But if they don’t and customers find weak points, don’t consider this a failure. Treat it as the best way to fix what needs fixing. Listen to your customers because in the end, it isn’t up to you to say that you’ve perfected your offerings; it’s always up to the end-user. If you expect them to make purchases from your brand, give them something to rave about and keep coming back to.
Getting your brand’s personality out there
Some brands have turned negative reviews into hilarious ways to get their brand’s personality out there.
This happens when a brand engages with negative reviewers using a certain “voice.” This voice can give life to a persona that’s quirky or self-aware, witty, or comically self-deprecating. It gives brands certain humanness that makes them likable and forgivable, softening the impact of the bad things said about them. Look at how Wendy’s or Burger King have handled negative reviews for examples of how this works.
Playing on empathy
There are unique instances when bad reviews are exaggerated or outright untrue. Someone might just be bitterly trying to stain a brand’s reputation. But despite how damaging this may be, this may attract other customers who could be willing to dispute false claims themselves and thus do free marketing for your brand. Keeping out-of-proportion negative reviews up plays on the empathy of customers and could backfire, in a good way.
While providing a little knowledge on negative reviews as a marketing tool, this article also suggests how to best position and respond to them in your online platforms.
Keeping things visible
As mentioned earlier, don’t delete, or hide negative reviews. Keep them in a place where customers can read about them just as easily as they can access positive reviews. Display good and bad reviews side by side and be real about not always getting things right.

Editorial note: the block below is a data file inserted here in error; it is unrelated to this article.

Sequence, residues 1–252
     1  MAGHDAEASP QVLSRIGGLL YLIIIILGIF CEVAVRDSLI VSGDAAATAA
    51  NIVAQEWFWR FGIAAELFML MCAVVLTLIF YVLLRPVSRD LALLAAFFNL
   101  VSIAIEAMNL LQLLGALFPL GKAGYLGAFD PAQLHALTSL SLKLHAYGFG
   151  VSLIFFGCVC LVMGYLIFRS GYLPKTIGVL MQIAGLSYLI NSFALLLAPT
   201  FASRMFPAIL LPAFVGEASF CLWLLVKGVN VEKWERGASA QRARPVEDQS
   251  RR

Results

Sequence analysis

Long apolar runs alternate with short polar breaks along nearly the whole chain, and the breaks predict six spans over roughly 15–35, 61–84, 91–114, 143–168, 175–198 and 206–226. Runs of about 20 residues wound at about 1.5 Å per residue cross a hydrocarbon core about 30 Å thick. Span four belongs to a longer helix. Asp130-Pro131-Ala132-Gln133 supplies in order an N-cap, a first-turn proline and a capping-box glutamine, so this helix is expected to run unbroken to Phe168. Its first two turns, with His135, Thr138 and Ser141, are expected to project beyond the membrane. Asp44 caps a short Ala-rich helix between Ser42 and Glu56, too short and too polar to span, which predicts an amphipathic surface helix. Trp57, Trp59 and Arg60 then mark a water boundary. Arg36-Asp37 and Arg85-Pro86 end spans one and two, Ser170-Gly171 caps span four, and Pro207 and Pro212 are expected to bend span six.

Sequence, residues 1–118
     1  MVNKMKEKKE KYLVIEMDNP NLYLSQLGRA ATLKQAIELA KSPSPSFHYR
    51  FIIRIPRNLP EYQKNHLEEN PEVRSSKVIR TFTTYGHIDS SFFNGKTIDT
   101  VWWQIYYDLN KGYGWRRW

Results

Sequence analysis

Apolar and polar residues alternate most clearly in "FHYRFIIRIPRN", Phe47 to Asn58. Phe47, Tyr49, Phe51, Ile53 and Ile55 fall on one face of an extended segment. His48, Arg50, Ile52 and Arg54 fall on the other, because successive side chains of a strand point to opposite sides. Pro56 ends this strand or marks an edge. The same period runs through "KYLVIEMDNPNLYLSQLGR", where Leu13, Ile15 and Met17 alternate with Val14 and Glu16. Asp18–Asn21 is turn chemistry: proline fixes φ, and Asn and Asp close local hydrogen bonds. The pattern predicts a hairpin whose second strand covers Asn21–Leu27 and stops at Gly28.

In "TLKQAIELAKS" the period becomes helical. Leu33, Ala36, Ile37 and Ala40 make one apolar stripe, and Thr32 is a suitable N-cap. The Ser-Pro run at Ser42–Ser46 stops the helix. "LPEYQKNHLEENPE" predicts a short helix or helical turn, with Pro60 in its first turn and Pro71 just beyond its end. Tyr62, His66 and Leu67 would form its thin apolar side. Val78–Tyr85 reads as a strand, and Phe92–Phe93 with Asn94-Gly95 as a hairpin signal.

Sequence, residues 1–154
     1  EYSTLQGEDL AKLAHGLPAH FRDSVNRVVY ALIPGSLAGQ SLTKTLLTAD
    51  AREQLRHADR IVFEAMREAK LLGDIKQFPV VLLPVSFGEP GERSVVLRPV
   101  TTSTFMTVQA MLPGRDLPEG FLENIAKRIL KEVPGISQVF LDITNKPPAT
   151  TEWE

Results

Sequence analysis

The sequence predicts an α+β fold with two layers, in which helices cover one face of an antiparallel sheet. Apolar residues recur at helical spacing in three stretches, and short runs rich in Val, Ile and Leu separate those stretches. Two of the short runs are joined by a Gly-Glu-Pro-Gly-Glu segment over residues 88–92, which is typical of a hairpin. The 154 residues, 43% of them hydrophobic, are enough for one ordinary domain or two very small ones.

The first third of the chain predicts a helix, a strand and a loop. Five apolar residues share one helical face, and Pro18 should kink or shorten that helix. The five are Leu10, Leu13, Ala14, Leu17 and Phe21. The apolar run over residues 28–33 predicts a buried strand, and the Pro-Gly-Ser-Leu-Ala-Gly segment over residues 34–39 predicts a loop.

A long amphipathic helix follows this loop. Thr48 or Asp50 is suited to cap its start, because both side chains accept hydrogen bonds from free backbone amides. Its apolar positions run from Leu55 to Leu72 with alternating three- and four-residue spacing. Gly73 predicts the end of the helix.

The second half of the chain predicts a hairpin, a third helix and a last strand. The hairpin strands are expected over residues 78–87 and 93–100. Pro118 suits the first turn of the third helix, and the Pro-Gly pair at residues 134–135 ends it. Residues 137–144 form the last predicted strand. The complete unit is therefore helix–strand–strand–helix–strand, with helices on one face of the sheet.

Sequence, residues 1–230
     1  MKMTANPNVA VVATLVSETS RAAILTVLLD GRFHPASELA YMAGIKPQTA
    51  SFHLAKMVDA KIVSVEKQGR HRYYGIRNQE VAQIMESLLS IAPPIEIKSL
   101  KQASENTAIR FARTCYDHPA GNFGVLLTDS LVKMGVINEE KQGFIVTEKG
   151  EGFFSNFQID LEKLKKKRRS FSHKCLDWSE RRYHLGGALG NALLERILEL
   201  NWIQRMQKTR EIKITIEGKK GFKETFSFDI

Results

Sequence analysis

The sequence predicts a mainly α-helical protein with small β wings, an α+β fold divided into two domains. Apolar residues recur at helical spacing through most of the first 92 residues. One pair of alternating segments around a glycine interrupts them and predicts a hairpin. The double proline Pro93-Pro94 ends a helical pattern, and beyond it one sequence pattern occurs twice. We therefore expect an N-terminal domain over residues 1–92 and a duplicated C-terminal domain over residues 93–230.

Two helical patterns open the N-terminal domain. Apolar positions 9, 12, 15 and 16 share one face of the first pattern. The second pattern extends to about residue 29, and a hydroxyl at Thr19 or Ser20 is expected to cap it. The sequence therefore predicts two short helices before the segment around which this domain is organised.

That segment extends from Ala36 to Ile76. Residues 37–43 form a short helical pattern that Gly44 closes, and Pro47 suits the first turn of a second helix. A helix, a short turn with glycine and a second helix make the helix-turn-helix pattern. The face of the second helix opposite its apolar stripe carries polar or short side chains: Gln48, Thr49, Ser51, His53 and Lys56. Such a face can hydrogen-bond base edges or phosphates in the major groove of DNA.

Respond, respond, respond
Never forget that reviews are a great way to openly engage with customers and build long-term relationships with them. Negative reviews give you a chance to apologize, ask questions, and find timely solutions. In short, it’s your chance to show you care and let everyone know this. Brands that respond publicly to bad reviews communicate their willingness to improve and that they give importance to customer experience. By doing this, you’re telling everyone you’re not just there to make a sale, but want to do the best you can for people that give you their money.
Highlighting the bad
You might want to downplay negative reviews as much as possible, but there is much benefit to be gained if you do the opposite by highlighting them. Create a blog article, a series of posts, or an art card that collects the complaints or criticism you received and then details exactly how you addressed each one of them successfully. This is how you effectively prove that you welcome feedback and take appropriate action afterward. It’s progressive, brave, and a solid strategy to build trust.
A chance to say “Thank you”
Very few brands thank customers for positive reviews submitted online. It’s memorable when they do, but it’s even more impressive when they do the same in response to negative reviews. Doing so catches the negative reviewer off guard, as it’s normal to expect defensiveness or a cold response from someone you criticize. But when brands accept criticism fairly—and even, warmly— a negative reviewer can even give your brand a second chance and, in the best-case scenario, recant their review.
In the end, it’s clear—with some practice, brands can take the bad and turn them into something good!
If you’re interested in learning more about Online Reputation Management, have a listen to our latest Truelogic DX Podcast episodes for the basics and some strategies that can help your brand or business.